Augustine and the Catholic Faith
24 July, 2019
(Nicene and Post-Nicene Fathers, St. Augustine, vol. 3, “The Enchiridion,” p. 239)*:
CHAPTER 4: The Questions Propounded by Laurentius
It is your desire, as you wrote, to have from me a book, a sort of enchiridion, as it might be called–something to have “at hand”–that deals with your questions. What is to be sought after above all else? What, in view of the divers heresies, is to be avoided above all else? How far does reason support religion; or what happens to reason when the issues involved concern faith alone; what is the beginning and end of our endeavor? What is the most comprehensive of all explanations? What is the certain and distinctive foundation of the catholic faith? You would have the answers to all these questions if you really understood what a man should believe, what he should hope for, and what he ought to love. For these are the chief things–indeed, the only things–to seek for in religion. He who turns away from them is either a complete stranger to the name of Christ or else he is a heretic. Things that arise in sensory experience, or that are analyzed by the intellect, may be demonstrated by the reason. But in matters that pass beyond the scope of the physical senses, which we have not settled by our own understanding, and cannot–here we must believe, without hesitation, the witness of those men by whom the Scriptures (rightly called divine) were composed, men who were divinely aided in their senses and their minds to see and even to foresee the things about which they testify.
Chapter 5: Brief Answers to These Questions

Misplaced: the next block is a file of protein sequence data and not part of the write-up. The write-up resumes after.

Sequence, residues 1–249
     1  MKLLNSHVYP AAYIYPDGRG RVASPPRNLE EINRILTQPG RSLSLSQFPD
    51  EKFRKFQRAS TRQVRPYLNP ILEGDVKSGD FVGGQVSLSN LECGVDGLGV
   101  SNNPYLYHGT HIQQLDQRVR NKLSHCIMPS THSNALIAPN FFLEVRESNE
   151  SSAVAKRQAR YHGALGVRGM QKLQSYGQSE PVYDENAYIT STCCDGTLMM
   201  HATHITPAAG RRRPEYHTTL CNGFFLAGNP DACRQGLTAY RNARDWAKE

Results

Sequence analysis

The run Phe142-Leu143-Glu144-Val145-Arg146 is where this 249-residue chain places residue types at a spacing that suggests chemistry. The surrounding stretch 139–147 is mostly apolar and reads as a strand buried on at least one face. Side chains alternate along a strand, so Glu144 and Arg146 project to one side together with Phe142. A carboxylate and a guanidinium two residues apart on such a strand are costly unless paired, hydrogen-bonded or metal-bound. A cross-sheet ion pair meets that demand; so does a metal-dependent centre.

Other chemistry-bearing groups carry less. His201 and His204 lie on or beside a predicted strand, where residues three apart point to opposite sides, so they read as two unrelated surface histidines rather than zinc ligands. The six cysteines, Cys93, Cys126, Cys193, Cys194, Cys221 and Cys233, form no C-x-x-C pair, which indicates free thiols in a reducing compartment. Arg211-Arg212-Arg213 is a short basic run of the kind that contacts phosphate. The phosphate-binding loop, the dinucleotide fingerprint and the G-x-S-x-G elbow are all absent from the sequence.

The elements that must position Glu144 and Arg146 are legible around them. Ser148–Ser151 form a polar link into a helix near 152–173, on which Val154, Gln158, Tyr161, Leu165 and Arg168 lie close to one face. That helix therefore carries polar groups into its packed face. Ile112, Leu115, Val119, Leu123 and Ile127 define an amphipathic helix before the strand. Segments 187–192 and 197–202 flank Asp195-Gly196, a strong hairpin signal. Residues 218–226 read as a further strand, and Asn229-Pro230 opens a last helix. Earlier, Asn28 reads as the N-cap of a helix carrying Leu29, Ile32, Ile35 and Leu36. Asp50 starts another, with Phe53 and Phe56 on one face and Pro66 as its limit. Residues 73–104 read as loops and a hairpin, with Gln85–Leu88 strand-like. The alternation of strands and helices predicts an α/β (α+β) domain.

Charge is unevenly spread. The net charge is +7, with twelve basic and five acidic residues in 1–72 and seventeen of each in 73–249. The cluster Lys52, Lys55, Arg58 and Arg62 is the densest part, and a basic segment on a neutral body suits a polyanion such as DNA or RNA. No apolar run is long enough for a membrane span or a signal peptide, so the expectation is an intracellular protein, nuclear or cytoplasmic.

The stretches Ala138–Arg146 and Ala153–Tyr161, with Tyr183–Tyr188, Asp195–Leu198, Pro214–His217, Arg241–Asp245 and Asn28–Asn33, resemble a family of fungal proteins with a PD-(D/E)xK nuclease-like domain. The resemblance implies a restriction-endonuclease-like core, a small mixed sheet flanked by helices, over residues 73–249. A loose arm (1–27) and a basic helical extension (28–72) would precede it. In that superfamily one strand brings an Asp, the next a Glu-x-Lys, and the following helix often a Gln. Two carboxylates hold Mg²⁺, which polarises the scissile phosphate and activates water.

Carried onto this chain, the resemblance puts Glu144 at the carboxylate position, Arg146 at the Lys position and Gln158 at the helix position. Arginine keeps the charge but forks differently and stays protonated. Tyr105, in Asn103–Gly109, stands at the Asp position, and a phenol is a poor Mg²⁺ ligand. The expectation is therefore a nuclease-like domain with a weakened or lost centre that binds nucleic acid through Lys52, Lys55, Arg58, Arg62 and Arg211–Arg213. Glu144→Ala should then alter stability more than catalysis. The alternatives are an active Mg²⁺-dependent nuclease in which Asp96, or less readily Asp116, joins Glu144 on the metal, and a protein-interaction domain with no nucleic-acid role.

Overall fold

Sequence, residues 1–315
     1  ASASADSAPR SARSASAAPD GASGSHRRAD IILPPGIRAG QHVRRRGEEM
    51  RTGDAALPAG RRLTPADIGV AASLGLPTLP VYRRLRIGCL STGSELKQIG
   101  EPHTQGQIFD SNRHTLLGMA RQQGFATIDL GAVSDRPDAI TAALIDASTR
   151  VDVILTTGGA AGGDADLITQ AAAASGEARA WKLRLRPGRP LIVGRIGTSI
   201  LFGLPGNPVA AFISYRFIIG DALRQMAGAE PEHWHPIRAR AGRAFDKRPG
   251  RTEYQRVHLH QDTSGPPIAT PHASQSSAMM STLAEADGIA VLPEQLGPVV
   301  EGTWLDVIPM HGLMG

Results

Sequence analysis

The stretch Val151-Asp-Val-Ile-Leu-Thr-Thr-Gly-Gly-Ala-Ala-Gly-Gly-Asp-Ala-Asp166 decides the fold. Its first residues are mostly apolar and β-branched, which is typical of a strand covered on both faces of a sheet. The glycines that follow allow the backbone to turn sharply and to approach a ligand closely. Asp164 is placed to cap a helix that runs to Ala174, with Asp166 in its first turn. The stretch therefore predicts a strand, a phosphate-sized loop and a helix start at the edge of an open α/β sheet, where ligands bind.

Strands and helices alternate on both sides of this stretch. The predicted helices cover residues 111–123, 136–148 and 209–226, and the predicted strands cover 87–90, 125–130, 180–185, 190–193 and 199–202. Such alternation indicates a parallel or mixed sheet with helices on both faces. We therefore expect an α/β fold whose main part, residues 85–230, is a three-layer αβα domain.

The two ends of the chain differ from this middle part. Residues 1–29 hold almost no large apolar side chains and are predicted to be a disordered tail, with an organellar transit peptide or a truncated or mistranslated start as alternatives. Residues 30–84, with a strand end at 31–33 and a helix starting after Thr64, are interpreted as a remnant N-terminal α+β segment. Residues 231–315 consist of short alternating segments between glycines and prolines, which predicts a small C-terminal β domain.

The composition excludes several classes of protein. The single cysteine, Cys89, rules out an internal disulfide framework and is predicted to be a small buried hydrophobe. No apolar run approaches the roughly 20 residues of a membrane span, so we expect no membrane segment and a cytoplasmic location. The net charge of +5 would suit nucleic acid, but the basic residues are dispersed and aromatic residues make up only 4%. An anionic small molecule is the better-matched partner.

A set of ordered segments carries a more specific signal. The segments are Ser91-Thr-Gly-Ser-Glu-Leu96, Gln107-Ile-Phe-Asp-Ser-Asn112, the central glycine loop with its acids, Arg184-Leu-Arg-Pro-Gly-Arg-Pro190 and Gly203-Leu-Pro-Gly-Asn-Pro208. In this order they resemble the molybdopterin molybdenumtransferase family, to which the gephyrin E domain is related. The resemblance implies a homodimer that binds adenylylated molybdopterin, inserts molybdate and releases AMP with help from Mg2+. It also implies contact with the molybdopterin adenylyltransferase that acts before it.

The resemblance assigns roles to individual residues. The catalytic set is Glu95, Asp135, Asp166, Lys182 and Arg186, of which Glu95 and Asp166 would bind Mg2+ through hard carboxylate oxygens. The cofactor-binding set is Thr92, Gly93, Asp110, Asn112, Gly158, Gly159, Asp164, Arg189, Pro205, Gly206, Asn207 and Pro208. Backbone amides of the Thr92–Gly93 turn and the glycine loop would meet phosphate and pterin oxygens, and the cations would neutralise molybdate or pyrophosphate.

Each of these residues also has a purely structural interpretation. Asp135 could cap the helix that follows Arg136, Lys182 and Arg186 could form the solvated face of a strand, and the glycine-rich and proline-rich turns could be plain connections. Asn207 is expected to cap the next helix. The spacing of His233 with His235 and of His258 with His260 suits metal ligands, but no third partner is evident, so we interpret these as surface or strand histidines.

But, as this faith, which works by love, begins to penetrate the soul, it tends, through the vital power of goodness, to change into sight, so that the holy and perfect in heart catch glimpses of that ineffable beauty whose full vision is our highest happiness. Here, then, surely, is the answer to your question about the beginning and the end of our endeavor. We begin in faith, we are perfected in sight. This likewise is the most comprehensive of all explanations. As for the certain and distinctive foundation of the catholic faith, it is Christ. “For other foundation,” said the apostle, “can no man lay save that which has been laid, which is Christ Jesus.” Nor should it be denied that this is the distinctive basis of the catholic faith, just because it appears that it is common to us and to certain heretics as well. For if we think carefully about the meaning of Christ, we shall see that among some of the heretics who wish to be called Christians, the name of Christ is held in honor, but the reality itself is not among them. To make all this plain would take too long–because we would then have to review all the heresies that have been, the ones that now exist, and those which could exist under the label “Christian,” and we would have to show that what we have said of all is true of each of them. Such a discussion would take so many volumes as to make it seem endless.
Chapter 6: Controversy Out of Place in a Handbook Like the Present
You have asked for an enchiridion, something you could carry around, not just baggage for your bookshelf. Therefore we may return to these three ways in which, as we said, God should be served: faith, hope, love. It is easy to say what one ought to believe, what to hope for, and what to love. But to defend our doctrines against the calumnies of those who think differently is a more difficult and detailed task. If one is to have this wisdom, it is not enough just to put an enchiridion in the hand. It is also necessary that a great zeal be kindled in the heart.
*Language is slightly updated